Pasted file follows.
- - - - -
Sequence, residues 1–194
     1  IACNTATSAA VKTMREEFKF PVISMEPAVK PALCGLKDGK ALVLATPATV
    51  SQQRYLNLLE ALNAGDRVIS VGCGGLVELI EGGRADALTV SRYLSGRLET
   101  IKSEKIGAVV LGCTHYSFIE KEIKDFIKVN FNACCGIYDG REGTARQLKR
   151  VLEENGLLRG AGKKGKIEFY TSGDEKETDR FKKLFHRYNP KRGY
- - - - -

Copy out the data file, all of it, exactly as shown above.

Sequence, residues 1–194
     1  IACNTATSAA VKTMREEFKF PVISMEPAVK PALCGLKDGK ALVLATPATV
    51  SQQRYLNLLE ALNAGDRVIS VGCGGLVELI EGGRADALTV SRYLSGRLET
   101  IKSEKIGAVV LGCTHYSFIE KEIKDFIKVN FNACCGIYDG REGTARQLKR
   151  VLEENGLLRG AGKKGKIEFY TSGDEKETDR FKKLFHRYNP KRGY